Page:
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    If we believe that our inheritance is in heaven, we will not set our minds on accumulating wealth or indulging in the pleasures of this world. Our priority will not be on the temporary, visible, material possessions, and we will live simple lives, as living in tents, in order to give our energy and time to God.

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  • 17.

    What does it mean that God was not ashamed to be called their God? Do you make God feel unashamed of you?

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    God was honored to be called their God. Thus He called Himself “the God of Abraham, the God of Isaac, and the God of Jacob.” The faith of the patriarchs was a living testimony of God’s faithfulness, and such testimony greatly pleased God.

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  • 18.

    What makes true faith different from “blind faith”? Suppose someone is convinced that he will be instantly rich through some windfall, is such belief “being sure of what we hope for and certain of what we do not see”? On what basis is faith built?

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    Faith is not having self-confidence or wild dreams. Faith must be based on God’s word. We believe that the world was formed out of nothing because God’s word says so. Noah believed that a flood would destroy the world because God told him so. Abraham believed that he would have many descendants and that he would inherit the land because God specifically promised these to him.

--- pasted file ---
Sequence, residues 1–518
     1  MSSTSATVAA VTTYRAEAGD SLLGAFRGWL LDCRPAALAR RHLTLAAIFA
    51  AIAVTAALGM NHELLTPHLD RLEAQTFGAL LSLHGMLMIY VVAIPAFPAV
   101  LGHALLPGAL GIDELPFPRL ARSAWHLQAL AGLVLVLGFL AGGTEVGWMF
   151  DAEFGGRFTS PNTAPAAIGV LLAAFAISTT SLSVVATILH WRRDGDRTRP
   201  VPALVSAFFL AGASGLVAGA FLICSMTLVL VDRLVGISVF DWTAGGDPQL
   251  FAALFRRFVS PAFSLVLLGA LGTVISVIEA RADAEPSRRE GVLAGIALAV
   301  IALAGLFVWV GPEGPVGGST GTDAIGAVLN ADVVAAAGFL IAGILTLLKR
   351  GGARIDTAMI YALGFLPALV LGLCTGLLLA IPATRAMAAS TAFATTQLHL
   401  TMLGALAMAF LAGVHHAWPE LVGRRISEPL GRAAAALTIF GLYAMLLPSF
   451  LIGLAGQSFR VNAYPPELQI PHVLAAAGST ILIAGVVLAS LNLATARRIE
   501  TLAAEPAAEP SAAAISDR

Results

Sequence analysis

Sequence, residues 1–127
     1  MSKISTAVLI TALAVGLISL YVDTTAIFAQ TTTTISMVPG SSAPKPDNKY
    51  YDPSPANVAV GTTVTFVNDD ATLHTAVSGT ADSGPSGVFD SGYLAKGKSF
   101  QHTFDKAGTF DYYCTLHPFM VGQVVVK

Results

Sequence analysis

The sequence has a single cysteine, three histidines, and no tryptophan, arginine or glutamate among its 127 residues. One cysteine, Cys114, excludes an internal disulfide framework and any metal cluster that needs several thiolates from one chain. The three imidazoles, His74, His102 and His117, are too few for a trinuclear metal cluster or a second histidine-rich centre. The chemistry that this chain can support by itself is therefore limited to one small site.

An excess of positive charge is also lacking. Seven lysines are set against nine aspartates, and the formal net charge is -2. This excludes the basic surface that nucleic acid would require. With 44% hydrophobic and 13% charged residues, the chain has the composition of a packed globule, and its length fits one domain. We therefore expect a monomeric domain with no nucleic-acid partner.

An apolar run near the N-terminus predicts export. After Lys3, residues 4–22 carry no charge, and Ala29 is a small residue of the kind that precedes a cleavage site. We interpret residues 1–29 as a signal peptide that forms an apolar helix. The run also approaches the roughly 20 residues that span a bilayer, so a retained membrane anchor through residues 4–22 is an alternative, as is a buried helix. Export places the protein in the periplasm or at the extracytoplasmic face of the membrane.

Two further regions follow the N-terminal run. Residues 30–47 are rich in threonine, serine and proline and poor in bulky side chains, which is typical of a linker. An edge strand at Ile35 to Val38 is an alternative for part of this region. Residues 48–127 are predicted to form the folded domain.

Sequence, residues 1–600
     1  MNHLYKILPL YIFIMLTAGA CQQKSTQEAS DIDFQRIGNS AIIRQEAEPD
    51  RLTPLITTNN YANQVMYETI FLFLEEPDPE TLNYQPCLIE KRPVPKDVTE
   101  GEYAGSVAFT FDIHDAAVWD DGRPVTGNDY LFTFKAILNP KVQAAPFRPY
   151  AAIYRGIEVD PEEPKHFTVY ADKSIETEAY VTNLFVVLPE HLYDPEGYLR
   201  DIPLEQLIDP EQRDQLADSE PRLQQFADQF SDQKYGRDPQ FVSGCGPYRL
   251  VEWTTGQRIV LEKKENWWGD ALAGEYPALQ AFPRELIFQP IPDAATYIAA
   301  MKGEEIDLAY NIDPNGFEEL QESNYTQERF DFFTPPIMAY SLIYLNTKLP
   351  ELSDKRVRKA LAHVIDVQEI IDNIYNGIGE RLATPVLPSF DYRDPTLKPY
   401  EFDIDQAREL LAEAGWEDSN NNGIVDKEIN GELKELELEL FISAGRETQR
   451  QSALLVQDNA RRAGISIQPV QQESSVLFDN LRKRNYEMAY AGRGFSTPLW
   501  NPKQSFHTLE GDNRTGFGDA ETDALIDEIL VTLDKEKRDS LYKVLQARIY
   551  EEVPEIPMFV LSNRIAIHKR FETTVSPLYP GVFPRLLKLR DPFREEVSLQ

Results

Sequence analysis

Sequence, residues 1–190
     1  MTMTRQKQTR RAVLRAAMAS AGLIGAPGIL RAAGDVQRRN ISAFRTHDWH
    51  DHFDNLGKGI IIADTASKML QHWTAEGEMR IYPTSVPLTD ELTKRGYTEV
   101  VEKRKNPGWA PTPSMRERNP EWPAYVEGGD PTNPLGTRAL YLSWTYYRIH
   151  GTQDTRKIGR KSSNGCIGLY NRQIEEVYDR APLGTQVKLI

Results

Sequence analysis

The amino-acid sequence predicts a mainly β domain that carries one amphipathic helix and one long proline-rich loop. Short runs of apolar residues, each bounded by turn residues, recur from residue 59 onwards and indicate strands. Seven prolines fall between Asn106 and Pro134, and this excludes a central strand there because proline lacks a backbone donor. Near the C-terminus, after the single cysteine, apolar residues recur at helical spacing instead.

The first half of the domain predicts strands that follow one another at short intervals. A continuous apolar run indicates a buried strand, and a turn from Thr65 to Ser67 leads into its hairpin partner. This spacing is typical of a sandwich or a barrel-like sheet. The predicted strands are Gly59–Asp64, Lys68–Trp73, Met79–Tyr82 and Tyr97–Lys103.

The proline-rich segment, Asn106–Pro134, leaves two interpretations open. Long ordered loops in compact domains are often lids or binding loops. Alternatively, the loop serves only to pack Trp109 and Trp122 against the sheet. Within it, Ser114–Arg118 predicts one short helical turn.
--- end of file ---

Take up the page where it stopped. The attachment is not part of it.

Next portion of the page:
We must be careful not to turn wishful thinking into the basis of our trust. Our confidence should come from God’s promises, not our own desires. Some “believe” that they will get jobs with high income, some “believe” that they will marry someone physically attractive, and others “believe” that they will get into prestigious schools. While all these convictions may seem to be based on trust in God’s power, they are built on things that God has not promised. Conviction based on anything other than God’s word would be “blind faith,” not true faith.